Home News Vision Historical Anecdotes: Silver linings, part 2

Historical Anecdotes: Silver linings, part 2


Copyright © 2021 Roswell Daily Record

By Janice Dunnahoo

Special to the Daily Record

Following is the second part of the Christmas/New Year story by Daniel “Dan” A. Storm.

Dan Storm was a rancher in Glencoe. He was a writer for the Ruidoso News, a graduate of the University of Texas and the most extended playing actor in the reenactment of “The Last Escape of Billy the Kid,” playing the part of Buckshot Roberts. Dan was also a friend to my family. Next week will be the third part of Dan’s winter stories.

Lost in the Snow

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“The cows began wolfing down the hay as if they had to catch a train or a cattle truck. Why, I wondered. Of course, the little baby black calf didn’t eat anything, but every once in a while she would turn her head back and call in her little calf voice as much as to say, ‘Mother, come on over. There is hay over here.’ But mother Jersey knows best and she stayed where she was.

“By this time it was about dark and I went on home trusting that everything would be all right. It wasn’t cold at all and I couldn’t see why some of the cows were hid out.

Punishment Dealt Out By A Bad Conscience

“At first the fireplace seemed too hot for the room. Then all at once the curtains on the north side of the house moved. The familiar whistling, wailing sound and the feeling of a wall of cold moving in told me my old friend the North Wind had come to pay me a visit. I am never quite ready for this old friend when he comes a-rapping at the window and a-knocking at the doors.

“I stepped outside and the thermometer had taken quite a nose dive. And just a while ago it had been warm. I fell back into the house with the bitter cold biting at my heels like a timber wolf. I expected cold all right but not this sudden or this much of it.

“I threw all the world into the fireplace that it would take and built a fire in the furnace. Then as I sat by the fire in the old chair I began to have visions of little calves shivering and shaking out in the cold. I put on my G.I. overcoat and all the winter clothes I could find, grabbed the flashlight, and went down to where I had thrown the hay. About half of it was left. This was something new to me. Always before the cows had eaten it to the last straw and then looked at me as if to say, ‘Well that was all right, what there was of it.’

“What happened, of course, was that the cows felt this cold snap coming and got under cover.

A Helpless Babe In the Snowy Woods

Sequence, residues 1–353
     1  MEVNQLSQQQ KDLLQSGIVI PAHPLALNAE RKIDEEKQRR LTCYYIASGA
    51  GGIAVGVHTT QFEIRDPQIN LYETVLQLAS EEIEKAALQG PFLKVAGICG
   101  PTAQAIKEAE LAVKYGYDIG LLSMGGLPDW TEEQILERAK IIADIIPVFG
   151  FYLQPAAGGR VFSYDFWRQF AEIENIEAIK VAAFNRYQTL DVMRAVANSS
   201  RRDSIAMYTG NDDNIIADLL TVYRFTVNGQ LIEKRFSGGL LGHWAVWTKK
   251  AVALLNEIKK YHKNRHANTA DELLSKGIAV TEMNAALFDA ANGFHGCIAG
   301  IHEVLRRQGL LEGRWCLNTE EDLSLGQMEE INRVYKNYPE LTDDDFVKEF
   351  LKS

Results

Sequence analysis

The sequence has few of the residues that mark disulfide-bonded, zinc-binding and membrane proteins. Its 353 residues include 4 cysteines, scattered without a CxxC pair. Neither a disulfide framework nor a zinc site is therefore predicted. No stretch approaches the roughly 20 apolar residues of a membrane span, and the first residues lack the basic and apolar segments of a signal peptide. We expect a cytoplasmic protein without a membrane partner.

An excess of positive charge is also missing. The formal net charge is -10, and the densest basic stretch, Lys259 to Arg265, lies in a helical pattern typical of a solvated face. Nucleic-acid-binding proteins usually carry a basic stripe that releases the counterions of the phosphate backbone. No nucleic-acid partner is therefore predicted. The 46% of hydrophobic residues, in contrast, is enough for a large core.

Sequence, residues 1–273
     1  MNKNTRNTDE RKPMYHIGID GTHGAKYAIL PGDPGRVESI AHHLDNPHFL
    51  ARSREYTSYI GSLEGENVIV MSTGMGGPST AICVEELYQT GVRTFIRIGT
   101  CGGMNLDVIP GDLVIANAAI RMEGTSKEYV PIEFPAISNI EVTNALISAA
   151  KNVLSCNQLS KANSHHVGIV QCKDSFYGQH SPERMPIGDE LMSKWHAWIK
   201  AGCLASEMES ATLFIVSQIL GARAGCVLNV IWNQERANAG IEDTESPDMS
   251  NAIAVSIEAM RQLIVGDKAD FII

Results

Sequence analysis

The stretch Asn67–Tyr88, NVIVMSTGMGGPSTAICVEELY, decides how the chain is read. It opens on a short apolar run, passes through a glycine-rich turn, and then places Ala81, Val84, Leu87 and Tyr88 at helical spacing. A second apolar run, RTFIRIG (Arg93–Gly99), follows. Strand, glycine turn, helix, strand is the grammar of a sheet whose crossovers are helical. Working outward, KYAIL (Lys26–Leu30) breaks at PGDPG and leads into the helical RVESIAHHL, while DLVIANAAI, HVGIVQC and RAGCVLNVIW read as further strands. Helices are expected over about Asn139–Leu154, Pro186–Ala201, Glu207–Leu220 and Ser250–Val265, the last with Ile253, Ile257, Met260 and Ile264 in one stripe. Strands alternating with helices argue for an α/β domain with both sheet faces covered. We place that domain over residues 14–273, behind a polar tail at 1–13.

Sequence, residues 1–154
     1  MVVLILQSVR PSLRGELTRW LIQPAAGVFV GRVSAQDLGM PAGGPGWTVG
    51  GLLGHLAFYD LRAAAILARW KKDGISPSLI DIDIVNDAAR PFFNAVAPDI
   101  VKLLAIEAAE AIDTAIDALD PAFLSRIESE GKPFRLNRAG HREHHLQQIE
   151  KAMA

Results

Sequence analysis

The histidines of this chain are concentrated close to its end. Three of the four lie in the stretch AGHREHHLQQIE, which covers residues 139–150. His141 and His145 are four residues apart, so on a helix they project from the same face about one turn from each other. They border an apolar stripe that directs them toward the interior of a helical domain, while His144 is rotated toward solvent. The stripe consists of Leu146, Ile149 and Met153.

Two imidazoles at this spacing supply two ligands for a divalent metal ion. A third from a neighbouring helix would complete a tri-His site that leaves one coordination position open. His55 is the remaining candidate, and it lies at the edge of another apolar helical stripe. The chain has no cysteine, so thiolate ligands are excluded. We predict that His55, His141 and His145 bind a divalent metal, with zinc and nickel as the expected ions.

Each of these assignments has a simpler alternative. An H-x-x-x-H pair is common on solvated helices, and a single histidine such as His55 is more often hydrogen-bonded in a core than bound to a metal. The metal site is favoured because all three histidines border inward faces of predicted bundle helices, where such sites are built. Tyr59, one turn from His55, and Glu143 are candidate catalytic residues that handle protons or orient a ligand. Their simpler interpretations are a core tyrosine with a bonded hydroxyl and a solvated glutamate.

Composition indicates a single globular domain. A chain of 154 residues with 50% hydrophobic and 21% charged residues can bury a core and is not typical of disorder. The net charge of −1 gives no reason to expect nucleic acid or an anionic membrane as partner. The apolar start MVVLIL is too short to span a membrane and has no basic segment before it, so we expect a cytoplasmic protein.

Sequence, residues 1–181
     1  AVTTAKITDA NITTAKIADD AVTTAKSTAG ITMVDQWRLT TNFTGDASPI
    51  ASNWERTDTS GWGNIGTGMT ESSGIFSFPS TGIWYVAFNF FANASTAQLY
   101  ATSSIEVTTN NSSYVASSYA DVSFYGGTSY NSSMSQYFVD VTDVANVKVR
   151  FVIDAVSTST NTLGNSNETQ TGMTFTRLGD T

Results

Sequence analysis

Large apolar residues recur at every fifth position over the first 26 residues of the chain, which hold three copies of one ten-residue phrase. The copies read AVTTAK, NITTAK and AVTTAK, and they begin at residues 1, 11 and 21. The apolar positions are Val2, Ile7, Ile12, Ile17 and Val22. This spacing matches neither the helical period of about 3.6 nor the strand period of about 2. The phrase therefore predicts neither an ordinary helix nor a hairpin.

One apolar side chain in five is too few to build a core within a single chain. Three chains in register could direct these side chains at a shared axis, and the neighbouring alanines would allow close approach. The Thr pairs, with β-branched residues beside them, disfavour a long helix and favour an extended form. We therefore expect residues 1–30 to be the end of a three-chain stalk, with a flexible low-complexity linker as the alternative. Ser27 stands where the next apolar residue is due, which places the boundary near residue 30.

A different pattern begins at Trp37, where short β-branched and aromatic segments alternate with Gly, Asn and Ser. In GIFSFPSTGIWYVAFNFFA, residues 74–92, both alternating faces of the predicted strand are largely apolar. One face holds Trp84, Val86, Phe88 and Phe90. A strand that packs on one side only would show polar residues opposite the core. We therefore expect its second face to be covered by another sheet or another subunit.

“But what about the little calf that is only a few days old, and her maybe separated from her mother. They should both be in the barn. I walked and climbed till my over-shoes ripped out, and my flashlight batteries faded away. But no sign of the Jersey mother and her little black calf. I thought I knew every inch of the eighty acres this side of the creek.

“I like to have never got back in the house, feeling sorry for the little calf I figured surely was lost, and little realizing I had been lost myself for hours in my own backyard.

“In bed I could not rest. With all the fires lit and all the covers on the bed, it was cold. What in the world was the matter. The colder it got the more unable I was to sleep for worrying about the little calf. Surely it couldn’t be this cold and I was just imagining all this. I went out to the thermometer again and it said two below. It wasn’t my imagination. I bundled up and went back out to search again, but by this time it was four below and a wind along with it. I went a ways and directly it felt like I didn’t have any feet. Then, walking straight into the wind I lost my scarf and while I stumbled around to find it my ears and nose almost froze, so I turned back.

“In bed I said to myself, ‘If you are this cold how cold do you think the little calf is, you coward?’

“Feeling like a murderer and with visions of what had happened to the little calf too terrible to think about I lay staring awake, half eager and half dreading for daylight to get here.

“All at once the light appeared miraculously in the room. And somehow the breaking of a new day sent a ray of hope beaming through the heaviness of my soul. But did I dare hope for such a thing? Light of step and with my heart pounding I rushed outside stumbling, sliding, wading in the knee-deep snow. The world was wide with a clear sky above. The frozen crust on the snow would hold you up if you didn’t run too heavily.

“Out in front of the house I could look down to the feeding grounds near the old corral and on to the fields beyond. Nothing in sight moved. I gave the call. Nothing stirred, nothing changed on the still, white winter landscape. I called again. And what little dark spec do you think came moving rapidly out of nowhere across the most distant snow field? The little black calf, skimming along the frozen snow light as a little will-o-the-wisp. She came flying right over to the hay left over from the night before. Behind came the rest of the herd, plunging and running through the drifts.

“Friends, how can I tell you my feelings at that moment? The next morning when I told my friend, Elfego Polaco, about this he said, ‘You know why cows and calves have strength to stand the cold do you not? Because they helped El Niño when he was born. There in that stable they gathered close around Him so the heat of their bodies would reach Him. And the little calves warmed him with their breath.’

“El Niño” is Spanish for ‘The Christ Child.’”

Historian Janice Dunnahoo can be reached at jdunna@hotmail.com.

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